As Savenije and the other leading publisher I turned to for this article, Dan Fink, managing director of Money-Media, both indicate, it is not just one metric that can tell the whole story. It’s more of a combo platter, depending on your needs and goals—be it building subscriber loyalty, adding new members/subscribers, increasing engagement, moving people to and within your site, or all of the above.

“We’re looking at time-on-page in addition to page views to assess which articles are resonating with readers,” Fink wrote to me. “It’s useful to look at average time and total time for each article. This reveals that the article with the most clicks doesn’t always get the most time. That’s important because users put a greater value on the amount of time they spend with your content, than the number of times they click on it.

“We are also looking at scroll depth (i.e. how far down the page readers scroll). This gives a similar insight to time-on-page. We are working to develop a formula that combines page views, time-on-page and other user actions (print, save, share, etc.) into a single metric. My plan is to shift our internal focus on this new engagement metric, since it is more valid than one-dimensional page views.”

recent article on INMA titled, Should Time Replace Pageviews as the North Star Audience Metric?, showed that time spent has gained traction throughout the industry. At Facebook, time spent helps rank the News Feed. At Google, it informs search results. “At Netflix and Spotify, play time guides content, product and marketing decisions.” A Netflix study found that “the total hours spent watching was the most predictive for member retention, well ahead of movie or show ratings.”

Finding the metric that most ties into reader/subscriber loyalty would seem to be the gold standard. Mediahuis, a huge international media company in Antwerp, Belgium, also found that “aggregated time spent on the site by individual readers correlated with the likelihood they converted to paid subscribers and renewed.” Other research confirms this, though visit frequency often tops even time.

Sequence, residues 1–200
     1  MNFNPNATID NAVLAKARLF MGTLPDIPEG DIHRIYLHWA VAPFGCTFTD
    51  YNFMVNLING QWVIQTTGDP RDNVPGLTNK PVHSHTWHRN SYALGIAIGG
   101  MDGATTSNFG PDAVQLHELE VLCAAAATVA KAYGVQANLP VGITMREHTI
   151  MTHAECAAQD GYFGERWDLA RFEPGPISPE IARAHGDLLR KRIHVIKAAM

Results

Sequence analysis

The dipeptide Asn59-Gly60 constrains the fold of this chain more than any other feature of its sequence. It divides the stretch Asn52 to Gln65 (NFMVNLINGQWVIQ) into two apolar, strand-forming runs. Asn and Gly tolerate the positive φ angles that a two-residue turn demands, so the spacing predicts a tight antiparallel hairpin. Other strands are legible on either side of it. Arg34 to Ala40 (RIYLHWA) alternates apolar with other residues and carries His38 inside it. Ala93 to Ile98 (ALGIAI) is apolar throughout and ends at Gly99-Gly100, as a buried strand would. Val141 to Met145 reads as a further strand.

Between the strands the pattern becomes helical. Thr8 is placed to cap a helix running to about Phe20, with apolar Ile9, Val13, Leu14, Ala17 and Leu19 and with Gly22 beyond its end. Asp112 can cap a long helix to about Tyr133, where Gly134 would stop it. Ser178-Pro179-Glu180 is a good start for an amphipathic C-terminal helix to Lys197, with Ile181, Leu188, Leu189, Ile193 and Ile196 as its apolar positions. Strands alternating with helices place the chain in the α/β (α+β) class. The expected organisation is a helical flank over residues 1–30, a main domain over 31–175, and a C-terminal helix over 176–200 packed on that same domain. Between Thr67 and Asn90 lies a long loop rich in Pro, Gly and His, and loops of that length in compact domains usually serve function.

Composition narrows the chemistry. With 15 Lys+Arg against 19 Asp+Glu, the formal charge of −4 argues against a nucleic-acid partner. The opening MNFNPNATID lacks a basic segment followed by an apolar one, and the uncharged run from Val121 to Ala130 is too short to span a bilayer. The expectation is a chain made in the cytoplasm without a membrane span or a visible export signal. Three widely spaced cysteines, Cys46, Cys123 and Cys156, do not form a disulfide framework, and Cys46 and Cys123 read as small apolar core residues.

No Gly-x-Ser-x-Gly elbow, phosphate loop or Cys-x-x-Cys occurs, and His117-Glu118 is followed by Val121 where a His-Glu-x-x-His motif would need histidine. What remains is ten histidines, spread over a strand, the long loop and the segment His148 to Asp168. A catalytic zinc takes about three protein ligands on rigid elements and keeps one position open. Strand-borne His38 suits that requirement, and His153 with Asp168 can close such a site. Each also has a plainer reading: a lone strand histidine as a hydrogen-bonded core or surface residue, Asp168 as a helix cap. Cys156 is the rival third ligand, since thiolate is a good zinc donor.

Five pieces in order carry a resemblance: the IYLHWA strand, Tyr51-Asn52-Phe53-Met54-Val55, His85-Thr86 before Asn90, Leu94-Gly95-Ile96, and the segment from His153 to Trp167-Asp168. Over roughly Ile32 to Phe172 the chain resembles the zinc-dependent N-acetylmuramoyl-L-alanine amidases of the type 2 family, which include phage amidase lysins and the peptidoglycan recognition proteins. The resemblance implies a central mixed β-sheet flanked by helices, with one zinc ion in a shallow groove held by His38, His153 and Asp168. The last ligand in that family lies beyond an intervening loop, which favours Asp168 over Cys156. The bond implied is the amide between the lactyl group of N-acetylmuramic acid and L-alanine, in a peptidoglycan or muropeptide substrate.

Of course, metrics do not tell all. Industry Dive goes the extra mile, setting up “measurement and feedback loops” to try to answer further questions about value and loyalty, quality of their coverage and even which readers you should covet most.

“At the same time that we use website and other metrics to tell us important specific things about readers, I think there is a big analytics gap in the journalism world in terms of measuring the qualitative value of your relationship with readers outside of these specific contexts,” Savenije wrote. “There are many important questions that the above metrics do not provide clear answers to. What value do readers believe you provide? How loyal are your readers? Where do readers see you vs. your competition? Are some readers more important to your editorial model than others, and how do you measure your relationship with them? What do readers think about the quality of your coverage? Are they satisfied with your product?

“At Industry Dive, we have worked to build up measurement and feedback loops to help us answer these important questions. We have a data analytics team within our audience department that helps us build measurement tools around these questions, and develop custom dashboards to make them easy for our editorial teams to interpret and glean actionable takeaways from them.”

That last part is music to an editorial person’s ears. In 2019, the Financial Times, Money-Media’s parent company, developed a Quality Reads metric that “measured page views qualified by the threshold of time and scroll depth,” writes INMA. “For a page view to be counted as a Quality Read, the reader needs to spend at least 50% time required to read the whole article estimated by the number of words and scroll to at least 50% of the page’s length.”

We will continue to cover this important topic. What are your go-to metrics? Let me know at rlevine@siia.net. Thanks!

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‘Analytics as a Decision-Making Tool’; Metrics Work Best as a Means to a Well Thought Out End

 

 

 

 

 

 

 

 

 

 

 

 

 

 

“How do you change your habits after you’ve learned about analytics?” asked Vidisha Priyanka (pictured), visiting instructor at the University of South Florida and a former interactive learning manager for the famed Poynter Institute, in a discussion we had on content metrics here a couple years ago. “How will it change your daily habit of writing and reporting and engaging your audience? How do you understand when your audience is trying to engage with you? And who is your audience?”